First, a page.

John Malloy’s Silicon Valley-based Blue Run Ventures has signed up to provide funding to the Dublin-headquartered company, which was founded by software developer Iarfhlaith Kelly, Leinster Rugby’s former injury rehabilitation coach Stephen Smith and Jason Cowman, the head strength and conditioning coach for the Irish team.
Previous backers of Kitman include Enterprise Ireland and a number of angel investors who provided €525,000 in seed funding, including Irish team captain Jamie Heaslip and Leinster’s Kevin McLaughlin.
Founded in November 2012, the company currently employs 10 people and has two products. The main one is an injury profiler that helps analyse and highlight when players are at risk of injury, while improving their overall performance.
Its experience with Leinster Rugby suggests that using this can help to reduce a team’s rate of injuries by about one-third. The average injury profile is about 20pc, but last year at Leinster it was only 13pc. The company also has a video profiler that helps sports players and coaches analyse both their own and their rivals’ performance.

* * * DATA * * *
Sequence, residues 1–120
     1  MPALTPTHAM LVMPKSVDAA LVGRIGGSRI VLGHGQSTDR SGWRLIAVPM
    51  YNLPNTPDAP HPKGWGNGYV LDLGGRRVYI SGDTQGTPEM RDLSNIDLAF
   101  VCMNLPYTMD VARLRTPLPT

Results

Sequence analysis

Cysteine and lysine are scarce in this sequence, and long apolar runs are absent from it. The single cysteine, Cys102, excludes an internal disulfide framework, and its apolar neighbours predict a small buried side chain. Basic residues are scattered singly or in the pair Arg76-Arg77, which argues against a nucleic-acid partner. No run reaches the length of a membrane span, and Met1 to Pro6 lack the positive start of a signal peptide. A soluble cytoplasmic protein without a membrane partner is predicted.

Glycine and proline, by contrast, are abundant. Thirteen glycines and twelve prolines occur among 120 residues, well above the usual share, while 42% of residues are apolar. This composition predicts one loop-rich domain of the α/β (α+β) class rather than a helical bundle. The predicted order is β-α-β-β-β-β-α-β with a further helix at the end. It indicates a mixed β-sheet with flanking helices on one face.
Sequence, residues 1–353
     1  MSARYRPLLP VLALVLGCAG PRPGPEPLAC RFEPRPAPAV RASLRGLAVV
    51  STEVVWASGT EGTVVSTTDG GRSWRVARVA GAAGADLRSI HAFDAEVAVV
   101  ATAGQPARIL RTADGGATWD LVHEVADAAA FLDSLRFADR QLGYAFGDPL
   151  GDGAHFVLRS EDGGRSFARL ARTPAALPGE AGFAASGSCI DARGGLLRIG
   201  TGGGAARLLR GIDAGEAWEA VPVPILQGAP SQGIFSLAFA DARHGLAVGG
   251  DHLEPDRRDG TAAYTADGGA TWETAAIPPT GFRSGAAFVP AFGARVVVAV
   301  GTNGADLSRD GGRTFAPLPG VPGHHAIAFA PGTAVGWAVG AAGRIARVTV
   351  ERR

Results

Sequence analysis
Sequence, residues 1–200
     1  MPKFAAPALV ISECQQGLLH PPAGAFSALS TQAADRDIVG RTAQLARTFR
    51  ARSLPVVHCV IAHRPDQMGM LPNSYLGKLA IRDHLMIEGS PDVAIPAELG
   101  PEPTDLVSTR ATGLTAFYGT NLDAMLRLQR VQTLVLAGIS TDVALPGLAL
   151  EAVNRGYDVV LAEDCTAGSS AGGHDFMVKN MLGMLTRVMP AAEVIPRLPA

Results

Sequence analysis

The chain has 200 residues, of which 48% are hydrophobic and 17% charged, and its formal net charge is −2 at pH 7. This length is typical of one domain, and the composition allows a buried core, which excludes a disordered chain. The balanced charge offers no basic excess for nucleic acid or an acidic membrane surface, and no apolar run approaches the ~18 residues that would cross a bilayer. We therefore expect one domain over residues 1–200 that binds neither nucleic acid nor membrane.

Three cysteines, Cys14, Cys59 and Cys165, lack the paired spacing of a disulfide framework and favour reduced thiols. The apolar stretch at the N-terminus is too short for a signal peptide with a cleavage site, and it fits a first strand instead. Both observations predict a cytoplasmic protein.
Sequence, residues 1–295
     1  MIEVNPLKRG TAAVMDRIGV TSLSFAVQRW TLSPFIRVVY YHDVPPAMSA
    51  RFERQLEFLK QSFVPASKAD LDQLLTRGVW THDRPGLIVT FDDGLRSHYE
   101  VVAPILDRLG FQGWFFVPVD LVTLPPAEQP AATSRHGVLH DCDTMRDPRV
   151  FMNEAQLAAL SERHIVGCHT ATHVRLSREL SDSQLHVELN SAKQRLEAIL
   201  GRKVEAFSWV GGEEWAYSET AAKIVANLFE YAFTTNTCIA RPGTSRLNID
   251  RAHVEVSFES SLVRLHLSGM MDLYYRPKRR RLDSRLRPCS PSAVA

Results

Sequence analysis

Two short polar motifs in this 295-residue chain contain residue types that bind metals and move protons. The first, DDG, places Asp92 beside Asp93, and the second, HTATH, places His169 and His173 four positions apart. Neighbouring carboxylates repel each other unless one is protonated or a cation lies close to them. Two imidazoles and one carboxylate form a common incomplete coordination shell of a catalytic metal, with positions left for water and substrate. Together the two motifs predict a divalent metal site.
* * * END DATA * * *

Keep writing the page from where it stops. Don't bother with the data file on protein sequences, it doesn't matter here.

Although Kitman have just begun to work with an English premier league rugby team, the majority of the new funding will underpin an expansion into the US, where the plan is to begin working with baseball and major league soccer teams.
Smith and Kelly will also be relocating to Palo Alto in Silicon Valley, where they plan to hire up to nine staff for sales, finance, marketing, customer support and sports scientist roles. They will also add to the Dublin engineering team.
Malloy, a former rugby player and keen fan of the sport has a history of backing winners and is believed to have made handsome returns on previous investments.
Last year Google bought Israeli navigation and traffic jam alert firm Waze for $1.1bn, a deal which may have produced a 19-fold return for Malloy’s Blue Run, which has a 15pc stake in the company, according to one report by Bloomberg.
Last December Apple is believed to have paid over $225m for Topsy, a Twitter search and analytics firm that contains an index of tweets dating back to 2006, which was also backed by Malloy.
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